OK, this is my last post about the moon â at least for a while! We have covered brightness and size in two previous posts; the last thing that is often associated with full moons around the Halloween season is a spooky orange color (see spooky picture above).
Now, smoke from a large fire or other pollutants can make the moon look orange; but even if our air was pristine, we would still see an orange moon sometimes.
Is This Another Illusion?
Just like with the moon illusion, the color of the moon is the result of its position in the sky. But unlike the optical illusion that only makes a moon on the horizon seem larger, the orange color of the moon is (mostly) a physical effect. It is the same effect that causes the rising and setting sun to also look orange or red.
Now of course our sun, out there in the middle of our solar system, is not changing colors. The effect is caused by something that is between the sun and us â the Earth's atmosphere.
The Light-Scattering Effect Of the Atmosphere
If you remember your high school physics class, you might remember that you learned that light travels in waves and that white light is made up of a spectrum of colors. These different colors of light are the result of different wave properties such as frequency and wavelength.
Let's consider the different ends of the light spectrum. Red light has a very low frequency but a long wavelength. Violet light has a very high frequency but a short wavelength.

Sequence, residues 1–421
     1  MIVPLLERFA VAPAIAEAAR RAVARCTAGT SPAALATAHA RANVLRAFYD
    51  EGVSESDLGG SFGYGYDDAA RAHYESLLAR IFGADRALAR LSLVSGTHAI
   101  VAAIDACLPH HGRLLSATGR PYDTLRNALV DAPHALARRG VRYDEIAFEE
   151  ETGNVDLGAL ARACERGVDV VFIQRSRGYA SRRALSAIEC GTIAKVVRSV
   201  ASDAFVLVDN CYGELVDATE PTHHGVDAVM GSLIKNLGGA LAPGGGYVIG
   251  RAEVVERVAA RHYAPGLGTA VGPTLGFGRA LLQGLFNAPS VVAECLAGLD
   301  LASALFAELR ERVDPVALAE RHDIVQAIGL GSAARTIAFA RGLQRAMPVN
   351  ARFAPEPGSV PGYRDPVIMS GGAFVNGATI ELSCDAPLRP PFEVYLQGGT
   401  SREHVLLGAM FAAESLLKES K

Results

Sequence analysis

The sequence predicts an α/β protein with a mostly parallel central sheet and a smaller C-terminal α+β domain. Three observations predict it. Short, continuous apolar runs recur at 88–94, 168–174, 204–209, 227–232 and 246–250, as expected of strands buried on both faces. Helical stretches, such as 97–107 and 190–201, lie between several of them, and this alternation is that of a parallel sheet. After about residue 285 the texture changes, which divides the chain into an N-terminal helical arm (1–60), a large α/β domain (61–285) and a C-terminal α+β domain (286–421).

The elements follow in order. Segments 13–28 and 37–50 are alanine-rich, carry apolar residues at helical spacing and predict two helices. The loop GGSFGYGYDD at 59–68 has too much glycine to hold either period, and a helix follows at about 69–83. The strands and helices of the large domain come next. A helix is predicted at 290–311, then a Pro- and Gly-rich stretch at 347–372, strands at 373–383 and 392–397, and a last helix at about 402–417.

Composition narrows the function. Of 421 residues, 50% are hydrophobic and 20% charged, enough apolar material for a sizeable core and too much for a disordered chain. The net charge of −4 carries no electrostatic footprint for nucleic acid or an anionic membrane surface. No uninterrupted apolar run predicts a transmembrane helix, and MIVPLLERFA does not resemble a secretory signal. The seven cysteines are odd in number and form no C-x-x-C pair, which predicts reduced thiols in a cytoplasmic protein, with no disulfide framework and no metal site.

When white light reaches the Earth's atmosphere, some of the light is scattered by air molecules. The light with shorter wavelengths (violet and blue) are more easily scattered by these molecules, making the sky look blue. The light with the longer wavelengths like red get through intact, so we are seeing just a part of the spectrum of the light given off by the sun or reflected by the moon.
Since light coming from celestial bodies has to travel through more atmosphere when seen from the horizon, there is more chance for light to scatter. This means that we are seeing a narrower range of the visible light spectrum when viewing light coming from objects lower in they sky. So when the moon looks red or orange the light has moved through enough atmospheric particles to scatter away the blue, green, and yellow light - leaving the light with the longest wavelengths (orange and red).
Wait, wait! You might say. Now why is the sky blue instead of violet? After all, violet light has a shorter wavelength than blue light so it is the part of the visible light spectrum that molecules in the atmosphere would most thoroughly scatter. To answer this question we must turn to human physiology.
There are color receptors in our eyes called cones, but there are only three types of cones. Some cones react to light with short wavelengths, others to light with medium wavelengths, and even others to light with long wavelengths. However, white light consists of a spectrum of wavelengths and our eyes contain only three types of cones. The cones in our eyes cannot pick up all the nuance and will lump some colors of light together. For more information, see this article by Space.com's Michael Schirber.